Ransomware – A Business Owner’s Nightmare
I was talking with a friend recently and found out his business had suffered a ransomware attack. He is a partner in a business with over 100 employees. They were all unable to work for almost a week following the ransomware attack.
He says he doesn’t know how they got in. Their current IT provider was unable to identify how it happened. The effects were catastrophic. They encrypted every machine on his network. They encrypted every server and every SQL database. All work quickly stopped. Without access there was very little that his staff could accomplish.
From Bad to Worse
The company had been prepping for a migration to the cloud so that they could decommission their on premise servers. IT had moved all backups to a single drive as part of the planned migration. They attempted to recover the backup and found it encrypted.
Every minute they were down was costing them money. They were paying salaries to employees that were unable to do anything. It was difficult to deliver to clients because all coordination tools were unavailable. This disaster delayed their work and put their reputation at stake.
Backups were the first obvious step in recovery. Once it was determined that they had no usable backups they moved on to other tactics. They found online that some of the most common types of ransomware have encryption keys available online. Good Samaritans of the tech world have taken time to crack the encryption and reverse engineer it so they can produce decryption codes.
Scouring the internet, they came back empty. The particular strain of ransomware was new enough or unknown enough in the US that there was not a decryption key readily available.
In their search, they did find some experts that might be able to help. A ransomware expert that for a small fee ($3500) would help them identify the ransomware and best next steps. Many folks that have used his services endorsed him.
They engaged his services and started moving forward anxious for some kind of solution. He got access to their systems, and was somehow able to tell them the name of the hacking group that attacked them. He said their attacks usually come from the Ukraine or Russia. The good news was that this group always made good on their promises of decryption keys if you paid the ransom. He said that was likely the only path to a quick recovery.
The attackers demanded an astronomical $720,000 for the release of the needed decryption keys. Luckily they were kindhearted reasonable people and open to negotiation. The ransomware expert negotiated the ransom down to $67,000. This was still a punch to the gut. However, when they started calculating the cost of downtime, lost work, lost productivity, the fact that they couldn’t bill their clients or complete jobs. Suddenly it seemed like the least costly option.
They paid the ransom and did receive their encryption keys as promised. This was a stroke of luck, as many of the bad actors that do this for a living take your money and do not provide them.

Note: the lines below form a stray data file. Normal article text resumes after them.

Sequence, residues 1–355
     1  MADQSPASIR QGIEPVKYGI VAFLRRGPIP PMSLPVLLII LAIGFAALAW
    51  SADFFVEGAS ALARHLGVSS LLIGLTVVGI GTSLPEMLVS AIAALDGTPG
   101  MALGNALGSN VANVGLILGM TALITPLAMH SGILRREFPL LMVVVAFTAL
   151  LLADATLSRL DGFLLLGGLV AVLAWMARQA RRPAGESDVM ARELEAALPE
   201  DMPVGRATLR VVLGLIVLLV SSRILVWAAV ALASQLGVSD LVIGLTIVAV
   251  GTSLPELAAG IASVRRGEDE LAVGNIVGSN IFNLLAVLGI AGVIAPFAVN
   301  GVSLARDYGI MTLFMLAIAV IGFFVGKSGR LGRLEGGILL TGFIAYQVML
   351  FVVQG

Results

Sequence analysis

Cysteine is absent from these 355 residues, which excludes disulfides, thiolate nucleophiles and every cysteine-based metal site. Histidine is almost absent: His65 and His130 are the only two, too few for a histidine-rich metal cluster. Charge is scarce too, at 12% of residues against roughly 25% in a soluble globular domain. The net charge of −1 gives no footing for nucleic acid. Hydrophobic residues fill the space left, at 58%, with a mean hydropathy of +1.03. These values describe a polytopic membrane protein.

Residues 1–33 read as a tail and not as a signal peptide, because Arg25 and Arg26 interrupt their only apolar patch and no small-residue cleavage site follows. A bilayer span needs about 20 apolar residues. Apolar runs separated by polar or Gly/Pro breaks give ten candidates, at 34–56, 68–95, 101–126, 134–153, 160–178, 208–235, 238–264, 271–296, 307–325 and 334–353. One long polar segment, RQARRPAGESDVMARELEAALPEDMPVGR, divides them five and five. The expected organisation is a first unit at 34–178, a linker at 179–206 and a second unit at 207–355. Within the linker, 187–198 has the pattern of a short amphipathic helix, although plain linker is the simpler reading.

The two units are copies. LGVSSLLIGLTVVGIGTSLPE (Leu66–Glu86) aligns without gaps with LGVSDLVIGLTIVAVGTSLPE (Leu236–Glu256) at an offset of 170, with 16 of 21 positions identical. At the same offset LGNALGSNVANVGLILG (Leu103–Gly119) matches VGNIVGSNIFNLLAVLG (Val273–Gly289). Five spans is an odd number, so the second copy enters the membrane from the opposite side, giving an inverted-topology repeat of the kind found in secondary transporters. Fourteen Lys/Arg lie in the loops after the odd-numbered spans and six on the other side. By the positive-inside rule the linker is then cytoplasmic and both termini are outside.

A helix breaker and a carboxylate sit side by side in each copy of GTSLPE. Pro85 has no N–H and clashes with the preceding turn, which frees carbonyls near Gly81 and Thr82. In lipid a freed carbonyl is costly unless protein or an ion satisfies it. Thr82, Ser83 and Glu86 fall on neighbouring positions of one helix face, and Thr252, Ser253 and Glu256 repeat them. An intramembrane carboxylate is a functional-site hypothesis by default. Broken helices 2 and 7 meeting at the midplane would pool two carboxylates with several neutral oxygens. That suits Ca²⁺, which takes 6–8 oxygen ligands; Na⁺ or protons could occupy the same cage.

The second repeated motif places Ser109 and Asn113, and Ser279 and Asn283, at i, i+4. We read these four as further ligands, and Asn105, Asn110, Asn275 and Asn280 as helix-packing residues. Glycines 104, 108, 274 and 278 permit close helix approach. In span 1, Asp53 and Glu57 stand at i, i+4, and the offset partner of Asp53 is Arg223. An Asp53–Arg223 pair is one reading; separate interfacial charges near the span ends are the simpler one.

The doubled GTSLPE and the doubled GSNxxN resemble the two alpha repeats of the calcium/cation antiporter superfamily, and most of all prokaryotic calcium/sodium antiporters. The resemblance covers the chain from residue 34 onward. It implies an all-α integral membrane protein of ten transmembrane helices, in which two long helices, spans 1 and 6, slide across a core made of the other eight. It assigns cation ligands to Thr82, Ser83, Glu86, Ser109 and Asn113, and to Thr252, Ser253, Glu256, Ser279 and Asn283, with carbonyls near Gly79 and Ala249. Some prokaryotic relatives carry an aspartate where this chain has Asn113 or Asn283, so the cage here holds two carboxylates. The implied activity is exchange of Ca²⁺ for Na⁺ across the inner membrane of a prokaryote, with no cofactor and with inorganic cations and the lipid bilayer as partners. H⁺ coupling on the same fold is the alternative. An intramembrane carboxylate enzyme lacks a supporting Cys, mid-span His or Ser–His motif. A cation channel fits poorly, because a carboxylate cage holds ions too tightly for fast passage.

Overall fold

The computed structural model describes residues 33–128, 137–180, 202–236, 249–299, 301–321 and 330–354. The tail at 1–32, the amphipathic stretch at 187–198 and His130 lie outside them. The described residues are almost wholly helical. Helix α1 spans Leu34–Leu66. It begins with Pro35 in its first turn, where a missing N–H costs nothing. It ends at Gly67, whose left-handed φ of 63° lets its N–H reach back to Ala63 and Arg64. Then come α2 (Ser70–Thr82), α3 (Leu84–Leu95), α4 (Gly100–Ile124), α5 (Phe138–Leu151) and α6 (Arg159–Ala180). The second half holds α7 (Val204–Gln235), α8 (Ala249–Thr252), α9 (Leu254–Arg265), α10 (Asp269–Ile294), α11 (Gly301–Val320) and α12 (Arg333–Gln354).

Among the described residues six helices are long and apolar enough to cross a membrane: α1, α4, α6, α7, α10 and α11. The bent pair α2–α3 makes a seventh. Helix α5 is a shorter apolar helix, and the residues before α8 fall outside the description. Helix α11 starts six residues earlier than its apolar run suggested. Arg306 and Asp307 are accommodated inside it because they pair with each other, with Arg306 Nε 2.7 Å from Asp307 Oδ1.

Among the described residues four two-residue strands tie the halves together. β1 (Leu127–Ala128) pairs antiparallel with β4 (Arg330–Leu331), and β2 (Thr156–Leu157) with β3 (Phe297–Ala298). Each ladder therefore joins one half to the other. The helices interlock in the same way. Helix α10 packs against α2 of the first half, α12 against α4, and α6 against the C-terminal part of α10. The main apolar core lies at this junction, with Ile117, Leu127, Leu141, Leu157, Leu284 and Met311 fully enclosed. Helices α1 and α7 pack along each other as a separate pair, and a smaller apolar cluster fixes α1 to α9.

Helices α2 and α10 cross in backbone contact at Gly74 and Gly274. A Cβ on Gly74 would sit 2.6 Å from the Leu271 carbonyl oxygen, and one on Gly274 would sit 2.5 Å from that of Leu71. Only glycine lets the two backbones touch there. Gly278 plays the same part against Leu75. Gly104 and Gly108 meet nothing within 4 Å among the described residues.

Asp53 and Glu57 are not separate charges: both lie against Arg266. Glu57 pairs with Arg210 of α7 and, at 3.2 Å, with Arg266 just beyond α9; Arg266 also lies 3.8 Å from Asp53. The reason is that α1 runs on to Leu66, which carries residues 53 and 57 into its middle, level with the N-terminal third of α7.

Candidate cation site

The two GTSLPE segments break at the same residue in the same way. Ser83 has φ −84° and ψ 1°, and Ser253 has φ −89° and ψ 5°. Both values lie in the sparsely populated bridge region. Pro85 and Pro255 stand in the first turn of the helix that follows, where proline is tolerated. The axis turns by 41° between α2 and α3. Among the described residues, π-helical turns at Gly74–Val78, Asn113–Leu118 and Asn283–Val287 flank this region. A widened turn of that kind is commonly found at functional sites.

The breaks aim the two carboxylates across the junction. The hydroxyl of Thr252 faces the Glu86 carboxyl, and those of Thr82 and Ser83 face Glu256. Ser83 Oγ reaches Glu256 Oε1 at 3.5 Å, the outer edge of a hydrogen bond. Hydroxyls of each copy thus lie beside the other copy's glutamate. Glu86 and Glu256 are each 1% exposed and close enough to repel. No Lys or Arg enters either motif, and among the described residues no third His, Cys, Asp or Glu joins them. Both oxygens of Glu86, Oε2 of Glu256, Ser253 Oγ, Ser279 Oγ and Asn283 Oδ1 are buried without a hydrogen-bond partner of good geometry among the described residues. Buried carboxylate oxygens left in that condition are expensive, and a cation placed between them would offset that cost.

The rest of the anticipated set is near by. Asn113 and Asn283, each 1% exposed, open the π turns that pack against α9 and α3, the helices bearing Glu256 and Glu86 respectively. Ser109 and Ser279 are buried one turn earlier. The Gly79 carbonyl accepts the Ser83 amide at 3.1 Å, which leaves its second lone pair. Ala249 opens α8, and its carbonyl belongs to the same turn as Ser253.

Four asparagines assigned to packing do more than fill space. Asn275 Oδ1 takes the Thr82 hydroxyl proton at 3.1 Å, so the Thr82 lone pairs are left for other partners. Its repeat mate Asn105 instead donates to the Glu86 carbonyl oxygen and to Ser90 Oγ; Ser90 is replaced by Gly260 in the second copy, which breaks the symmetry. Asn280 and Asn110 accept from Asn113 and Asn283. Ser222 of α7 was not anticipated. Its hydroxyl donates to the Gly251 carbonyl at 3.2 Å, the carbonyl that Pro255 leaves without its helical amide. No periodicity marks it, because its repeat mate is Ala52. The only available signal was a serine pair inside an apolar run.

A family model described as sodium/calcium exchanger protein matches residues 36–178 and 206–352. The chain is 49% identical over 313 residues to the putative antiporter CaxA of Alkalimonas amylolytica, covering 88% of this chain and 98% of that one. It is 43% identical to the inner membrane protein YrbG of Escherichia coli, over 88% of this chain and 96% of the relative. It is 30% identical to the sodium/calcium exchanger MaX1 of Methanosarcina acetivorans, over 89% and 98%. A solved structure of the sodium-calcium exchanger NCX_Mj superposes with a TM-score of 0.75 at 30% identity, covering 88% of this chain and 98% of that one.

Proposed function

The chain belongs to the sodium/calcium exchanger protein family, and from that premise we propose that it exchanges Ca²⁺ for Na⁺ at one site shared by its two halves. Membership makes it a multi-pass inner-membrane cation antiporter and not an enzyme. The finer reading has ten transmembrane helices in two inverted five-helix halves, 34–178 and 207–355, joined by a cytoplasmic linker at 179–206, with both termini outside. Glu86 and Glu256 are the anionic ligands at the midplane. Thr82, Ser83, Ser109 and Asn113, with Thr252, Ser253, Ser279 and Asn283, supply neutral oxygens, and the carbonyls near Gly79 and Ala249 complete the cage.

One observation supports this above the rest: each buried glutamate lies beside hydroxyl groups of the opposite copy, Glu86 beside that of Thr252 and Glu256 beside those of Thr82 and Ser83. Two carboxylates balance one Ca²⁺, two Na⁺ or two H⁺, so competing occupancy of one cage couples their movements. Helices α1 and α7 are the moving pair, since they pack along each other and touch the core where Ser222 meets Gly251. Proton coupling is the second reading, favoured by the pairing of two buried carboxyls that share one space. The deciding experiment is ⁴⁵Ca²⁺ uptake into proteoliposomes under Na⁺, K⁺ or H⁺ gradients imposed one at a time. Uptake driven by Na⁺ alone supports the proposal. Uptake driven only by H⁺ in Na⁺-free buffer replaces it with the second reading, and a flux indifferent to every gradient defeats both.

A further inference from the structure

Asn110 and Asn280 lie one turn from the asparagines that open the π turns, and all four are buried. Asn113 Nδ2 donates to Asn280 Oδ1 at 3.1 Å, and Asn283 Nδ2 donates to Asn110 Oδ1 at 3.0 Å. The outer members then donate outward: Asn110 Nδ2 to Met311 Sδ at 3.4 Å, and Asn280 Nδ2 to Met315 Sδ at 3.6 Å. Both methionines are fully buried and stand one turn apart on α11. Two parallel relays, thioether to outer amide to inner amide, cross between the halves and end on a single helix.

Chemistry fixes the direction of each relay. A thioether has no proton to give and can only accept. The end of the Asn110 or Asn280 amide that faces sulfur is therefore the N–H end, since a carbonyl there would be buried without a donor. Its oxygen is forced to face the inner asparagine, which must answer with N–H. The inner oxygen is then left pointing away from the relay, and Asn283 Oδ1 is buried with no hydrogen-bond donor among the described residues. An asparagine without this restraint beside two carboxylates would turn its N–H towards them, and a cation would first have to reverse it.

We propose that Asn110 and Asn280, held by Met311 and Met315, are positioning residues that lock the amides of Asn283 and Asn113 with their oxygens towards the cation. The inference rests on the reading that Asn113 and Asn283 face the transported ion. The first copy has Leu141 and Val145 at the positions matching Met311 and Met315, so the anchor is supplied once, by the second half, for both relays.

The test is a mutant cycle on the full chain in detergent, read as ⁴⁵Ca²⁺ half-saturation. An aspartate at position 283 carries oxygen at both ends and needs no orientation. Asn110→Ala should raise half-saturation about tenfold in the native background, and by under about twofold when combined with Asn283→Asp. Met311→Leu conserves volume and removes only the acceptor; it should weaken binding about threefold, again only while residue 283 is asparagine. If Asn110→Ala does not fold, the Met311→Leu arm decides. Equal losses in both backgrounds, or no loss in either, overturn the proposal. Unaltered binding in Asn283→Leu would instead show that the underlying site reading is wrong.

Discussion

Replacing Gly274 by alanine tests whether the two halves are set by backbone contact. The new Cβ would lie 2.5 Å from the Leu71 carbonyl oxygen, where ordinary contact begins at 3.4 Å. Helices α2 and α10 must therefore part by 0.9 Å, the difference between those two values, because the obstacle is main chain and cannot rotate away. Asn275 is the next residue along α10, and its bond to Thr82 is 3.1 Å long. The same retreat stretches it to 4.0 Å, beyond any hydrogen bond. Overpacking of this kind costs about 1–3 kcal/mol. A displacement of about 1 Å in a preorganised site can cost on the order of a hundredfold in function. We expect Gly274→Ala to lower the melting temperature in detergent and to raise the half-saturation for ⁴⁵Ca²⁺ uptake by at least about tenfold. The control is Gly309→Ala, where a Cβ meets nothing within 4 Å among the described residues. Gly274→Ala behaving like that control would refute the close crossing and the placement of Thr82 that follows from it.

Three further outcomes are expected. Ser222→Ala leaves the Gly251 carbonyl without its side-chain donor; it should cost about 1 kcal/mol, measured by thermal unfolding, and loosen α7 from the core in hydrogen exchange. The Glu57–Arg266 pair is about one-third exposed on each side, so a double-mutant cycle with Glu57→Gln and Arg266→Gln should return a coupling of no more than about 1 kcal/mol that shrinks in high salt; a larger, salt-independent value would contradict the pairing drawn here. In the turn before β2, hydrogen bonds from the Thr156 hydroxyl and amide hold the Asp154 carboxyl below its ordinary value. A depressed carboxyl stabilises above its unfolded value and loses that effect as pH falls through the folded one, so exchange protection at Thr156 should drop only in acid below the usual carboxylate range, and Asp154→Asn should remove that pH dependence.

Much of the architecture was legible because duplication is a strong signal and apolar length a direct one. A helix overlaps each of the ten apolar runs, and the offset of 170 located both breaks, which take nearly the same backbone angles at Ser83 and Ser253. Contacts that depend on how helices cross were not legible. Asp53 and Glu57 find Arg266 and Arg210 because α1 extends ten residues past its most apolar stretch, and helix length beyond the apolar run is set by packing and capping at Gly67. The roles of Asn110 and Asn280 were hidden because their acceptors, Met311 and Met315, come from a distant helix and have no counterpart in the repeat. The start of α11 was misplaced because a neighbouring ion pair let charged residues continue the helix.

After they received the decryption keys, they started work decrypting their data. Luckily, their data wasn’t corrupted. They were able to recover. They were finally back in business.
By this time several unproductive days had passed. They also realized that they weren’t completely out of the woods yet. To prevent the possibility of the attackers coming back, the network had to be set up from scratch. They scrubbed servers and reinstalled operating systems. This work went on for several more days. They installed new firewalls and put additional security in place. Both local and offsite backups were set up and tested.
There were several more days of painful work. Their IT team was there around the clock. They recovered the network and finally were able to work as normal.
It’s difficult to calculate the total cost of an event like this. We know that hard costs were easily over 70K. In addition, the cost of all the work from the IT provider will likely add a large sum to that number.
What is more difficult to calculate is the opportunity cost. What damage did this do to their brand? How much did they lose in sales? What is the cost of lost productivity? I would wager that it’s at least as much or more than the hard costs involved. That would put the total cost of this breach well over 200K.
Time to Get Serious About Security
Do you know when the best time is to get serious about IT security? How about yesterday? Many business owners seem to think that there is security in obscurity. That it will never happen to me. I submit that it will happen to you if you don’t act now. It’s only a matter of time.
The tools that bad actors use to determine whose network is easy to break into are indiscriminate. They don’t care about the size of your business. They will get in and take you for as much as they possibly can. Ransomware attacks are up significantly in 2020 because of how lucrative attackers have found it. Like any good executive, they pivot their attacks when they identify an opportunity in the market.
I’ve written extensively about what business owners can do to keep themselves safe. Here are a few references.
You need to have a solution in place to protect your data. If you don’t feel that solution is rock solid, call us today. We can help you put together a plan that will protect your data and give you peace of mind.